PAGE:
Teaching Waves and Sound – Ideas

An overview of waves and sound with some ideas of how you might teach them. Please add ideas to the comments or through twitter @natkin.


If we follow the philosophy of Feynman it is not about transferring knowledge without a context. If we use this approach we can go beyond simply being able to answer exam questions into the realms of learning.

I find intuition a good starting point and have written a blog post on it here

Starting with waves

Get the students to wave to you and they all can.  So they understand the concepts of waves. Have a discussion of what makes a wave, a wave.

Concept that it is a repeated oscillation about a point in language appropriate to your students

How might we describe a wave?

The students sit back to back . One can see the video of the queen waving and has to describe to the one who cannot see who has to try and match what is on the screen. I stand behind them telling them when they have got it right


If you try describing how the Queen waves in a way that everyone else can understand . Its a pain saying  “She waves her hand backwards and forwards repeatedly and quickly at the same rate without making it go very far from the central position”

Then introduce the terms

Frequency – Number of times something happens in a given time. What is the frequency of your lessons? 5 per day. Frequency of buses ? 2 per hour. Frequency of waves? Number of complete waves /cycles per second.

Amplitude – Students often confuse this with height and they need to ensure it means the maximum displacement from the rest position

Now we can say of the Queen  “She has a high frequency, but low amplitude wave”  (it seems to have changed over the years , most people remember it as slower with a higher amplitude )

Next was a demo of a slinky how might we transfer energy down the slinky? 2 ways side to side/up down or in and out

Ways of transferring energy using a slinky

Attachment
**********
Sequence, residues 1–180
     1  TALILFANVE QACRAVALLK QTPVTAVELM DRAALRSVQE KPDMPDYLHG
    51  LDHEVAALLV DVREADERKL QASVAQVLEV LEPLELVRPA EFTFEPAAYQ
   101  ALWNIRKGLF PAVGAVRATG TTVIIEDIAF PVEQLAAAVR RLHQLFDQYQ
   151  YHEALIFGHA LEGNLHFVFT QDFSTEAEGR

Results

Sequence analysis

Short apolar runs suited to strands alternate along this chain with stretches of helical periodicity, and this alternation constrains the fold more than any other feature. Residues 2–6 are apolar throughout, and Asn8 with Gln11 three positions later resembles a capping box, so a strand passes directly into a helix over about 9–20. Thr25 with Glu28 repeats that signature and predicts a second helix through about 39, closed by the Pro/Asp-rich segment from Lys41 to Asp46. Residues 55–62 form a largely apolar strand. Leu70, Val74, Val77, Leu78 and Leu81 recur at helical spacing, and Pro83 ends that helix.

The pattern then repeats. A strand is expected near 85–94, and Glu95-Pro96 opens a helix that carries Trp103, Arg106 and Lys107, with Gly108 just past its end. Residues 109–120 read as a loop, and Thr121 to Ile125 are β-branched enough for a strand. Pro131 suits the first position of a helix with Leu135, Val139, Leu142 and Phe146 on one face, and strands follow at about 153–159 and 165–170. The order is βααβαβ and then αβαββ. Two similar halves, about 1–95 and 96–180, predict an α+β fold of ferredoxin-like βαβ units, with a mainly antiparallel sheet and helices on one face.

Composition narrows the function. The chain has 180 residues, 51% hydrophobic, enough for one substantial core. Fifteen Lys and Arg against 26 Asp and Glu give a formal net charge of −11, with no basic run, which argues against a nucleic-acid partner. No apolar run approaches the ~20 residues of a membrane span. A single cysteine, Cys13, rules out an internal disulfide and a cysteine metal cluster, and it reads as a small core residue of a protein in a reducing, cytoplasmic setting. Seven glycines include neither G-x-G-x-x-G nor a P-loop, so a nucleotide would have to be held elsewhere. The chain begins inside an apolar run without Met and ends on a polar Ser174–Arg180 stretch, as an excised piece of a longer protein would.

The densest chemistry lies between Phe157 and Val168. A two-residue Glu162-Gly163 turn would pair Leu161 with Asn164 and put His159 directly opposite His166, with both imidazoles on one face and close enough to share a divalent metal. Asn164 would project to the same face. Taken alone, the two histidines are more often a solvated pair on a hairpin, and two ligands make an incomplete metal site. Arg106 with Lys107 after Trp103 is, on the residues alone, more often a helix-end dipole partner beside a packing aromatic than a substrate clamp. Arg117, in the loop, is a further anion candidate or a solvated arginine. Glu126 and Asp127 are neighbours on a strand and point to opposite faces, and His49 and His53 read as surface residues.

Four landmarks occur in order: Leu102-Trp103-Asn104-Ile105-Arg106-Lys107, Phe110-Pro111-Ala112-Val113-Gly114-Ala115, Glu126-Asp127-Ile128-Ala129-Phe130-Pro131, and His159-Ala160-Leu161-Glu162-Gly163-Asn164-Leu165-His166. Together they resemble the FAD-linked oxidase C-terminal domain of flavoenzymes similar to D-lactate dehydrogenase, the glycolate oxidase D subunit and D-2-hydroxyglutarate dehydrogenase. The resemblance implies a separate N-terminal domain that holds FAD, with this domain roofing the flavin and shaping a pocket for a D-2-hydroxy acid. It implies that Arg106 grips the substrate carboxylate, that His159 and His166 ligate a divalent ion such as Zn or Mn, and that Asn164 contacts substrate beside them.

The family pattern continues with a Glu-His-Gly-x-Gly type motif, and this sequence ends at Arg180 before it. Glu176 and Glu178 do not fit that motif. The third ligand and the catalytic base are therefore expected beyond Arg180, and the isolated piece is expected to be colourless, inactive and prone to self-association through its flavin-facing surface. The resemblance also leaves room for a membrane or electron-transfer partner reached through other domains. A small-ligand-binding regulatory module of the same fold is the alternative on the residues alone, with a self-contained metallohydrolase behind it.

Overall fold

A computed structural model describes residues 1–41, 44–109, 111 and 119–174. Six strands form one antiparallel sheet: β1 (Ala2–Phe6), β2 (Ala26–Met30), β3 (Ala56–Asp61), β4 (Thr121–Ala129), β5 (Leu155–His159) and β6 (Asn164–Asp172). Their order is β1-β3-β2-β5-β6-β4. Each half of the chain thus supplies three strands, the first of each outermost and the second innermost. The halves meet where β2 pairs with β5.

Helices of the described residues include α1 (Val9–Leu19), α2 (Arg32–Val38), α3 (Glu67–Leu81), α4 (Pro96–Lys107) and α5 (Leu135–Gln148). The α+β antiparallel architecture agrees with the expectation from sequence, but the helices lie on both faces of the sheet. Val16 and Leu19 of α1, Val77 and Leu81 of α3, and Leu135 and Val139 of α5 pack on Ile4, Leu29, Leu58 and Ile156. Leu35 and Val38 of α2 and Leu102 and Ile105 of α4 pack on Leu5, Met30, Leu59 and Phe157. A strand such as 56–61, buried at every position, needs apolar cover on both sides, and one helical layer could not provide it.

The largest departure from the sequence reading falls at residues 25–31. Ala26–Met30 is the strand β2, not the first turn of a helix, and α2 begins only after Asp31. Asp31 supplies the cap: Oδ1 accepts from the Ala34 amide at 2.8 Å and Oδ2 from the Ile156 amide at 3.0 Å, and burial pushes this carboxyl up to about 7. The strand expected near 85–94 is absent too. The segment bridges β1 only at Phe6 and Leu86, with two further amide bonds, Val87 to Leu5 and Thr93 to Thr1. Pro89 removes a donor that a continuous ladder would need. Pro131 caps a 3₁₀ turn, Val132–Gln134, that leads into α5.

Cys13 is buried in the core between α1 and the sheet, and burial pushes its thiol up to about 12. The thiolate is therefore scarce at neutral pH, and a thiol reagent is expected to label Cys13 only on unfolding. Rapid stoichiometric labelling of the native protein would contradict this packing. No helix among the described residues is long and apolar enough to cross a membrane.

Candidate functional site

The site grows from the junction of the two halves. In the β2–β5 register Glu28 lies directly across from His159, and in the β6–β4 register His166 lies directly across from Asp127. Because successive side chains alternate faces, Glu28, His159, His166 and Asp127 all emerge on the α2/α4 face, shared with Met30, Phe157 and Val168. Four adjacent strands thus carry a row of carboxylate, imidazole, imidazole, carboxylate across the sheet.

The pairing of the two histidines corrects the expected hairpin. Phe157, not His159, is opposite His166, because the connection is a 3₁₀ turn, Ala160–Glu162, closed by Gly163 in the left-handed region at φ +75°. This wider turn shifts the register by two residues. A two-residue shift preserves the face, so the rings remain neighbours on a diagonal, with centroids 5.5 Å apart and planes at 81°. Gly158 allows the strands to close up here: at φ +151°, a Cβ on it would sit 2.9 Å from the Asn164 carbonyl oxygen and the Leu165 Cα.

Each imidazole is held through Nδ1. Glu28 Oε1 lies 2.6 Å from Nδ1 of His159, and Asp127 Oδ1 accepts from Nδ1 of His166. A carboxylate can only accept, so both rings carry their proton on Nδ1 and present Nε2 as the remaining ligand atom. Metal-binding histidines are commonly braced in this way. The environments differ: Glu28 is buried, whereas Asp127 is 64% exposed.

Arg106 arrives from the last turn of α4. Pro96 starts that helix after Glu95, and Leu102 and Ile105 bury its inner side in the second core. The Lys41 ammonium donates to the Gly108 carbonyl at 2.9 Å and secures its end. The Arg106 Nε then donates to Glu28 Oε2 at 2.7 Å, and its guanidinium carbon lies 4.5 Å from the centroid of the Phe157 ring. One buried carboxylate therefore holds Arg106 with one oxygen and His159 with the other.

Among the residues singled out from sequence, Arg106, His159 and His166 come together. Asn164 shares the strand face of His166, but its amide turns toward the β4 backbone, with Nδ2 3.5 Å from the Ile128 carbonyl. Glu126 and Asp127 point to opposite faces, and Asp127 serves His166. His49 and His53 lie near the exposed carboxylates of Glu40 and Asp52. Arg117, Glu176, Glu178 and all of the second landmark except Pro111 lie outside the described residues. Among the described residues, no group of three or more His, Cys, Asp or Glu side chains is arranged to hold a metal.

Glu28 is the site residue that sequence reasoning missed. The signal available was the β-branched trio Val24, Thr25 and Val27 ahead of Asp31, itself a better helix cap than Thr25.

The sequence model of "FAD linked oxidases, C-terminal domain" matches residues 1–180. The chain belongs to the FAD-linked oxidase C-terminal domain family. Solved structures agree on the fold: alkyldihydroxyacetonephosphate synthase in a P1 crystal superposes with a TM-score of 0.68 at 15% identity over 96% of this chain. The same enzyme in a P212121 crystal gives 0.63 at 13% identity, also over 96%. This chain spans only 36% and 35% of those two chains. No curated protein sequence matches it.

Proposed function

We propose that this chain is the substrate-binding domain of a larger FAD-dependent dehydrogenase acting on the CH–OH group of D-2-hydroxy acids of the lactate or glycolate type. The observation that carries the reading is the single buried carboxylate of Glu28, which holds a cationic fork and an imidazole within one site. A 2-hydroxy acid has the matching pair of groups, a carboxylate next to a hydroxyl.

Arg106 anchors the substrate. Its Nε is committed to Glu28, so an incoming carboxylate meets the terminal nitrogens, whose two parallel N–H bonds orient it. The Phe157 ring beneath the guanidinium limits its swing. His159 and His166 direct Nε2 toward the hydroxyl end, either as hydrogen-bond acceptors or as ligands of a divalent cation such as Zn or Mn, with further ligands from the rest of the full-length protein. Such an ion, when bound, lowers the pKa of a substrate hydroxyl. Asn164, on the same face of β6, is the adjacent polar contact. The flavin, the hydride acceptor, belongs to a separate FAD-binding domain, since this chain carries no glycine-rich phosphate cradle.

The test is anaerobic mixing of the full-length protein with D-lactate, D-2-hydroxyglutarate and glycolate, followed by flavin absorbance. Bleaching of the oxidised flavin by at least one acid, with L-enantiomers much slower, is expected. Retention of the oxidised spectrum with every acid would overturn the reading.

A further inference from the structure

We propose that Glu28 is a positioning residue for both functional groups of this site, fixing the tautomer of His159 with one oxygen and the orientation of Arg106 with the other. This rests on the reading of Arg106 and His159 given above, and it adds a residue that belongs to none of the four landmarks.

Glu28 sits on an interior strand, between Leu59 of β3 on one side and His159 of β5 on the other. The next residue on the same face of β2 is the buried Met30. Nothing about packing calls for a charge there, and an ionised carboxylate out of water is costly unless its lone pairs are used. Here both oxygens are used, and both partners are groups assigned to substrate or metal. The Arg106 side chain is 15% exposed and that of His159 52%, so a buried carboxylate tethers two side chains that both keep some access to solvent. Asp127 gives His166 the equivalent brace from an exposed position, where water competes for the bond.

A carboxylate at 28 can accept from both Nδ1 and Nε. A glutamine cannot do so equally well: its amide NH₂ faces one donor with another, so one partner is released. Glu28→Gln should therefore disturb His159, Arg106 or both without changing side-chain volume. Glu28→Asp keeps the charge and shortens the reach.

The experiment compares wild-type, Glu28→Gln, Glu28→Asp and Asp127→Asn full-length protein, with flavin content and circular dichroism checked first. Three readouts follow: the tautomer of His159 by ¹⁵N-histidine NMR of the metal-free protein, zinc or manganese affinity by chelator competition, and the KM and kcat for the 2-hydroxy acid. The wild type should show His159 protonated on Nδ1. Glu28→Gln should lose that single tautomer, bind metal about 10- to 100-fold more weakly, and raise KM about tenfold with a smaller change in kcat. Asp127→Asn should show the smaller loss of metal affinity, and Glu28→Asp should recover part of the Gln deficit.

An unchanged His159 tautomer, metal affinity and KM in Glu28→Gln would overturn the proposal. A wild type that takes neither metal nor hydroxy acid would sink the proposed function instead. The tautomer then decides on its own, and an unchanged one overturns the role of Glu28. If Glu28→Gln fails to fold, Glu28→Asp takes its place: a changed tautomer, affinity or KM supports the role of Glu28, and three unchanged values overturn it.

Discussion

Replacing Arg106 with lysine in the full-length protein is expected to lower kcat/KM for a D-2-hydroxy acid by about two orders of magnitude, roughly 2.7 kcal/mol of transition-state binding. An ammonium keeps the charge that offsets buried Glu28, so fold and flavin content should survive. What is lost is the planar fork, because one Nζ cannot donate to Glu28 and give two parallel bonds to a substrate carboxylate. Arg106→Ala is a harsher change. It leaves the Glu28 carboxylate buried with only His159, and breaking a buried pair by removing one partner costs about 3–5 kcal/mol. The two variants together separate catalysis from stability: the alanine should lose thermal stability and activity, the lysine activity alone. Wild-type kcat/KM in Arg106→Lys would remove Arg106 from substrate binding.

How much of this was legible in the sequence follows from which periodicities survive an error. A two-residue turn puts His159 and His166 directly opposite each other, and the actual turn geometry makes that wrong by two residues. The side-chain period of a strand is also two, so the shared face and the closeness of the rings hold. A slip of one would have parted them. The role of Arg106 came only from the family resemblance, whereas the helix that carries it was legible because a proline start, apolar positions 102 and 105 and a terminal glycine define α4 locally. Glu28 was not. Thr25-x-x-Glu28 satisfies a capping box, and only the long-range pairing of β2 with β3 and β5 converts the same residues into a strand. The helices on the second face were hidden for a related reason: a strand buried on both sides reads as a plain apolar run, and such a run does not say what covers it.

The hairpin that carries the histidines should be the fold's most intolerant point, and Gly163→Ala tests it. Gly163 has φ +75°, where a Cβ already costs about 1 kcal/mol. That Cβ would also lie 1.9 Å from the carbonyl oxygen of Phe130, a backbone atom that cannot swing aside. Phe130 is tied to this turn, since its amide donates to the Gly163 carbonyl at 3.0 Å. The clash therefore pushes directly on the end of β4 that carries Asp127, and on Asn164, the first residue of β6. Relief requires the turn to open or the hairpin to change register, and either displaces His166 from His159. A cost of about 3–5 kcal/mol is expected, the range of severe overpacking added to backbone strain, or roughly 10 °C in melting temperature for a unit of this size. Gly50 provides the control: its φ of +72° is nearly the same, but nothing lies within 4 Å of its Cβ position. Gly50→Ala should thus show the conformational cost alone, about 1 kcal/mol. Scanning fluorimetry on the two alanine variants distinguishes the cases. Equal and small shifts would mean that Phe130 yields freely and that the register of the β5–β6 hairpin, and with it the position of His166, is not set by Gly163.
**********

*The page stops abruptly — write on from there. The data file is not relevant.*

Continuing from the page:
Relate these to terms transverse and longitudinal waves and how there is no mass transfer of molecules, simply energy transfer. A bit of masking tape demonstrates this well.

Revise the ideas of high low frequency and amplitude with the slinky.

This may be a good time to explore the relationship between frequency and energy . This is fairly intuitive – If you walk into the sea and waves hit you more frequently then you will clearly notice that higher frequencies transfer more energy. Relating this to the electromagnetic spectrum waves of frequency greater than that of visible light – Ultra violet and higher can be dangerous.

We can also see wavelength clearly demonstrated on a slinky

You can see nice standing waves using an electric toothbrush and elastic outlined here

You can also demonstrate  wavelength and it’s relationship to velocity using a hand wave. Give them a pen to hold over a sheet of paper. Pull the paper with an increasing speed and you will see an increasing wavelength being drawn on the paper (see below) You can also relate this to the wave equation

Velocity (m/s) = Frequency (Hertz) x Wavelength (m)

The frequency is constant and the wavelength increases as the velocity increases

Excerpt from a lesson

Having had the terms described using Pose/Pause /Pounce / Bounce to gather their ideas they were then given 2 minutes to perform waves of high/low frequency, large/small amplitude and long/short wavelengths. Some interesting ideas were demonstrated with students also whistling high and low frequencies. I know I am teaching well when my students surprise me.

Jelly Baby Wave machine

Then they were given a length of duct tape, barbeque skewers and jelly babies to make the jelly baby wave machine. seen here


This is an ideal experiment to get the students to build the problem. What might happen if …?


The distance between the sticks was changed

The tension was changed

The jelly babies were moved closer to the centre

Half of each jelly baby was eaten


Following the concept of waves leads us into sound a longitudinal wave. Show with a slinky

Other possible demos

Frequency and Sound

Hum the National Anthem with your hand on your throat. Hum in louder (higher amplitude) , higher frequency etc. What do you notice?

Vibrations of your vocal cords. What would happen if you have no vocal cords after say a laryngectomy

How can you make a metal rod sing?

Hearing Tests

If there is only one thing to tell students it is that every loud sound damages your hearing. In quiet societies old peoples hearing is far better than it is in noisy societies .